In my profession there’s a hot debate going on about “learning styles”. You know, finding out whether you are a visual learner and need to see things to understand them, or an auditory learner who prefers to hear things, or whether you are a kinethetic learner and have to do things to really get them. Those are just some of the more famous learning styles, there are many more (such as whether you learn more on your own or in a group, or whether you are more analytic or non-analytic.) I found a video by Professor Daniel Willingham who calls the whole idea of “learning styles” unscientific. I find it particularly interesting, as it got me thinking.
I also liked this response by New Zealand teacher Craig Hansen:
My opinion? If the idea of learning styles helps a student learn, I’ll run with it, whether it’s science or religion. Because, no matter what you call it, learning improves when you’re motivated, and finding out that your way of dealing with learning is taken seriously enough to actually have a name can be very motivating. Students start to learn better once you’ve given them some attention and looked at what they need to become better learners.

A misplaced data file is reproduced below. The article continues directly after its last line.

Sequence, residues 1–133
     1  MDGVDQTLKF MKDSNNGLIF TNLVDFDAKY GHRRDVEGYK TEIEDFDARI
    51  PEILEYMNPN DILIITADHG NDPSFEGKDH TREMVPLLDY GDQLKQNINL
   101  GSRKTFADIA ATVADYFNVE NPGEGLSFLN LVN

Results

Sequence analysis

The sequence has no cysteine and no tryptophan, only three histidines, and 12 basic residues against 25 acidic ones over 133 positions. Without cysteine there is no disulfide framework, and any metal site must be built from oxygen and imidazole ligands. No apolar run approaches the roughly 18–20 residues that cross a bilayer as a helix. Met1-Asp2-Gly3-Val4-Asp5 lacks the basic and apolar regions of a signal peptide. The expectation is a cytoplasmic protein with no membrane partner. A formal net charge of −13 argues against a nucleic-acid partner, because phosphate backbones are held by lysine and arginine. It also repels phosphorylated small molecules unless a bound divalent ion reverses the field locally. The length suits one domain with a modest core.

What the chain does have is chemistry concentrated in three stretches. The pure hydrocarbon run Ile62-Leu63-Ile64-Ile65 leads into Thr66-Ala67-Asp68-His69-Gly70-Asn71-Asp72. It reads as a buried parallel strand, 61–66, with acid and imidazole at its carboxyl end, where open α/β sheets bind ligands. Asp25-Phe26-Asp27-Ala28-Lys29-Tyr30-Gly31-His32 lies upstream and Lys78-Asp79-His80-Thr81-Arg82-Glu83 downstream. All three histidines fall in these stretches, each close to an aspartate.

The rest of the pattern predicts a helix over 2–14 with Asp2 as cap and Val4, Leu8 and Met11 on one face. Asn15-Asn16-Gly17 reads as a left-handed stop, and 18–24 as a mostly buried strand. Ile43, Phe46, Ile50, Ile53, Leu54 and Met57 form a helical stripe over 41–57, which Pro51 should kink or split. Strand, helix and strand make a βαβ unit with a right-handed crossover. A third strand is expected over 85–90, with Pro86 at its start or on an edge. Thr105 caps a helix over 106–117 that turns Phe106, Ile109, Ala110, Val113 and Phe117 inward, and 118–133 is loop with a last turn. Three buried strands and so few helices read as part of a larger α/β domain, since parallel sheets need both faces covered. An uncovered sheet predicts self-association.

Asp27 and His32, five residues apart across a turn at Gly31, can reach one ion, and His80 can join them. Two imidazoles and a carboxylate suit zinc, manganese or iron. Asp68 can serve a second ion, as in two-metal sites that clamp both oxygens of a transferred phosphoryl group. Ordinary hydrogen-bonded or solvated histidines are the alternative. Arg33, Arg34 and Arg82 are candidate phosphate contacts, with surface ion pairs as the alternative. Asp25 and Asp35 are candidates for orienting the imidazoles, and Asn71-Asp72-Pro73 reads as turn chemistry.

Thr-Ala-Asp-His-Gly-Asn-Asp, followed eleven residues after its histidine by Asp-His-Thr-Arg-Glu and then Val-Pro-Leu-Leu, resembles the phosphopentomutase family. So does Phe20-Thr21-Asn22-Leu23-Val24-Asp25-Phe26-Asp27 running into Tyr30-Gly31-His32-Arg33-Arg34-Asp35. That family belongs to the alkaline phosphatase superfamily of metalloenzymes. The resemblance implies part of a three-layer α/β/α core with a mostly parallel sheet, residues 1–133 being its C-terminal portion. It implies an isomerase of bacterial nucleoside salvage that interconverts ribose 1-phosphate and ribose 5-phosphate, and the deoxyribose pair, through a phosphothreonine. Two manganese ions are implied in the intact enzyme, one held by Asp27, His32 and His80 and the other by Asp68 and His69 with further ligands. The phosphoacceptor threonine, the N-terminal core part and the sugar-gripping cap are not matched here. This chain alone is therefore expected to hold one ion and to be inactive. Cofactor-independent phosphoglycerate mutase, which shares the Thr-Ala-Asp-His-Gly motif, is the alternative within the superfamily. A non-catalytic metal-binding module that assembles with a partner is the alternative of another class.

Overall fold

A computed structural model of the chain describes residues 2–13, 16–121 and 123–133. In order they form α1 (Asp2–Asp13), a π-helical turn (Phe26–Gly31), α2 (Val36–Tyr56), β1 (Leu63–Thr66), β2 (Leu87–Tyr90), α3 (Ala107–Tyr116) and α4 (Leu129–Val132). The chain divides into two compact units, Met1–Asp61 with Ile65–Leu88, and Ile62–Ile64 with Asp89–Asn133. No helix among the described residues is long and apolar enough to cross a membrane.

What about you, do you believe that we have learning styles? If so, does that knowledge help you learn?
I’m looking forward to hearing your thoughts and experiences.
- Here’s an example of a spider diagram, a visual tool mentioned in the podcast.